TIP of the Week – How Good is your Decision Making?
Look at the picture above; you are driving the green car, happily trundling along on your way to the office one morning. The ‘person’ in the blue car has driven up behind you at great speed and your wing mirror is now full of this car, only millimetres from your rear end. They seem to be pushing you, harassing you and almost bullying you to GET OUT OF THE WAY!
How are you feeling at this precise moment with this ‘person’ on your tail?
There is a very well known and consistent human response to these feelings. The brain receives a message of “DANGER – LOOK OUT – DO SOMETHING” and immediately begins to engage and process the ‘Reptilian’ part of our brain. As many of you will know it leads to the ‘FIGHT-FLIGHT or FREEZE’ response. For many people the brain engages in ‘FIGHT’ mode. They might race the other driver, stand on the brakes, slow right down and then speed up again, weave across the road, gesticulate wildly or all of the above. At that moment, how good would you say your decision making skills are?
The outcome of your decision could be disastrous. You have ‘decided’ by your actions to put yourself and other road users at mortal risk.
Let’s change the input to your brain slightly.
The person in the blue car is desperate to get to a hospital where their critically ill daughter is in a life threatening condition.
Knowing that, wouldn’t you calmly and safely move out of the way? Now let’s apply that thinking to the workplace. When might you feel angry, frightened or threatened?
- A customer complaint, especially if it is very critical or vociferous
- The boss giving you negative, or less than positive feedback
- A training session you don’t want to attend
- A disagreement with a team member
In the example of the blue car your decision making changed because:
- The reality has changed.
- You are less inclined to be impulsive.
- You are able to be empathetic to the other driver.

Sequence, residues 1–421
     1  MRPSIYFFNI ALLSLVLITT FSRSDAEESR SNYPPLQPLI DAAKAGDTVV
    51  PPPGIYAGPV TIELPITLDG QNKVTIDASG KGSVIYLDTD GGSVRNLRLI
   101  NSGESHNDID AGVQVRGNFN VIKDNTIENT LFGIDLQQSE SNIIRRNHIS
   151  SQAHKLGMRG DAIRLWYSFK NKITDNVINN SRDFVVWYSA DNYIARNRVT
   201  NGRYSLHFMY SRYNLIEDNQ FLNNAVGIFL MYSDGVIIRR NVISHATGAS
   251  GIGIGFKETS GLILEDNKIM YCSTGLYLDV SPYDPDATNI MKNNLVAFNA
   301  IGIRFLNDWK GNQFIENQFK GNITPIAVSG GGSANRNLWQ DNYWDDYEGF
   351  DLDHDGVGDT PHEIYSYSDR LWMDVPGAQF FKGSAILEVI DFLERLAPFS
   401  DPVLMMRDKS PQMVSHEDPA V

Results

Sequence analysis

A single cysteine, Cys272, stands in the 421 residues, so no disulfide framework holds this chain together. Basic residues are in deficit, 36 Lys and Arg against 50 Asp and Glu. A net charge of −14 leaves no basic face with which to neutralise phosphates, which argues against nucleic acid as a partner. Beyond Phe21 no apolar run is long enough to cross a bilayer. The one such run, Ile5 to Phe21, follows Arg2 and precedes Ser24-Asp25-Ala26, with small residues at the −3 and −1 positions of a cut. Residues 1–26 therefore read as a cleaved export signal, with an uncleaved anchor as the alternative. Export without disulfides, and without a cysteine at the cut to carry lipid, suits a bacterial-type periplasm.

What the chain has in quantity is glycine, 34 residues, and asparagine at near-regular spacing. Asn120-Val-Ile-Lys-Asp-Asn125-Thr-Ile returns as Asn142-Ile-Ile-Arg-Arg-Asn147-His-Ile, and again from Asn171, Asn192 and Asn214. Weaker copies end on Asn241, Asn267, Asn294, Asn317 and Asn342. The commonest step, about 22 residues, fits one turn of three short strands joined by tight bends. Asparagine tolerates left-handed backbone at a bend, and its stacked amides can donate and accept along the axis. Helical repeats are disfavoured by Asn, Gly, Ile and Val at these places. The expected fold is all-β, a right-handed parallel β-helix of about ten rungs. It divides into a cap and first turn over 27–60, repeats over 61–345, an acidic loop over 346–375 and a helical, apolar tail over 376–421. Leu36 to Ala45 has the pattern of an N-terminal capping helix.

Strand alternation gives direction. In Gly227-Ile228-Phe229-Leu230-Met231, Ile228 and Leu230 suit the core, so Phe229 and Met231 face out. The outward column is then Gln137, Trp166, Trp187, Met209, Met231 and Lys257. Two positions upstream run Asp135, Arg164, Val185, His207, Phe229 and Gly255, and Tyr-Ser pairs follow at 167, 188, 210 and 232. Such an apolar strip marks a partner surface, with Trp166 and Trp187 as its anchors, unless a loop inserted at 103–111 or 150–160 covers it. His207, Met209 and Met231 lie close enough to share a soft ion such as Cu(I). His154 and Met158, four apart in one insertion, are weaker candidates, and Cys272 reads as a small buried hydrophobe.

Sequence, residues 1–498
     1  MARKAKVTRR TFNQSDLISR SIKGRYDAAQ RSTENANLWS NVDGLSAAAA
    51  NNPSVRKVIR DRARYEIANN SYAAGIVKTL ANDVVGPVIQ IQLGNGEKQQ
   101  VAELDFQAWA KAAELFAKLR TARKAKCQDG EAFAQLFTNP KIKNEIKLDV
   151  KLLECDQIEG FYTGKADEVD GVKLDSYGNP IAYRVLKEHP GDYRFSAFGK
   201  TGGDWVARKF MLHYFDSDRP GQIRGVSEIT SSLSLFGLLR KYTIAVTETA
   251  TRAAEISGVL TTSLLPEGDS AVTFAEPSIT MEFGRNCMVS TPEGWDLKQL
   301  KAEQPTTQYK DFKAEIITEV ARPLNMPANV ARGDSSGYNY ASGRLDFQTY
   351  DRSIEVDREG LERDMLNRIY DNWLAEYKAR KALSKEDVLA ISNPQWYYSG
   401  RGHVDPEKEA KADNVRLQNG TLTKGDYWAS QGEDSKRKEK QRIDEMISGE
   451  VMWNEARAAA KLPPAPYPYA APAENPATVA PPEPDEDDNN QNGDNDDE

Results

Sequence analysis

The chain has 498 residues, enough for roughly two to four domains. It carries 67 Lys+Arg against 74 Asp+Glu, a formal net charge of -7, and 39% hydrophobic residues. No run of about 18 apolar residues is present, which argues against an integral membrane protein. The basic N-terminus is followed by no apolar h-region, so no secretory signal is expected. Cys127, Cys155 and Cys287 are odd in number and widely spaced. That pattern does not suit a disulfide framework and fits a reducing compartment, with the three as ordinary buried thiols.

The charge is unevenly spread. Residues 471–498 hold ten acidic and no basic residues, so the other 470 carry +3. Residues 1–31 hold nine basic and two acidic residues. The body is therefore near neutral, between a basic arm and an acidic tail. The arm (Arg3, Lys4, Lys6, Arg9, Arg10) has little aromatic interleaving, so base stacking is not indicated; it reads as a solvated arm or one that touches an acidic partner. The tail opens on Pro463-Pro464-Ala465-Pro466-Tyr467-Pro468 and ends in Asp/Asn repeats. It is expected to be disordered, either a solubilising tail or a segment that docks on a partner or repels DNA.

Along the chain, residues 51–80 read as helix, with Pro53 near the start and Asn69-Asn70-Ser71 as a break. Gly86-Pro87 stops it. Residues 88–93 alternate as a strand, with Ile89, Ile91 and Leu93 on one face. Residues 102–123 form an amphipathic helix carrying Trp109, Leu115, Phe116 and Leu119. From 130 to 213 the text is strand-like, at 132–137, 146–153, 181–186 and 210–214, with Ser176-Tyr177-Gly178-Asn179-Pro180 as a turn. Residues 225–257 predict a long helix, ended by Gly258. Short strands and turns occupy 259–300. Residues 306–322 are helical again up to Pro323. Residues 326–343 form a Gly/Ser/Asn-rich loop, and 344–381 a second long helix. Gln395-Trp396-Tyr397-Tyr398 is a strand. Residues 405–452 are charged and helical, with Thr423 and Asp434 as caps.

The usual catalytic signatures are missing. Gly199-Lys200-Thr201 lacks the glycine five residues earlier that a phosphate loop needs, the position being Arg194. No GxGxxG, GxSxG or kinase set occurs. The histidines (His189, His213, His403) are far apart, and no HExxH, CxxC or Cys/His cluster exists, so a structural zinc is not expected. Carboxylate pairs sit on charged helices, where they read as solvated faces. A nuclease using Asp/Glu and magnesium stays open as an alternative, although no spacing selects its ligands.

- You are not feeling as stressed.
- You are willing to be flexible
If you are a business leader you need to make consistent and rational decisions even when you are confronted with difficult and stressful situations. Your ability to make good decisions impacts on your performance, your team’s performance and ultimately the performance of the business.
The secret of success lies in 3 steps:
1 – Remove any unhelpful emotions, don’t do anything until you are calm and in control. Do whatever it takes to change your mindset. Examples include taking a deep breath, counting to 10, removing yourself temporarily from the situation, finding something that amuses you, thinking positive thoughts, using positive affirmations, considering what the worst consequences are if you stay angry or upset, like losing your job. In the car scenario it could be fatal…
2 – Challenge your assumptions, in other words what is really happening here? What is causing you to think this way or the person to behave that way? Do your level best to understand the other point of view and the real facts of the matter. Ask yourself: “Is there another way of seeing this which I am unaware of?” “Is my interpretation real?”
3 – Work through the options available to you which will address the things you found out in 2 above. This may include talking it through with those involved in a calm way, possibly with a mediator if necessary. Coaching, emotional intelligence and/or anger management may all be solutions. If you are indeed in the right, give the other party time to adjust and help them through it. If you are wrong, own up to it!
This post has only scratched the surface of some very complex but hugely important subjects of Emotional Intelligence, Ego States and Transactional Analysis.
At TIPS we have access to experts in these subjects who can help you and your organisation become excellent decision makers every day and therefore highly successful.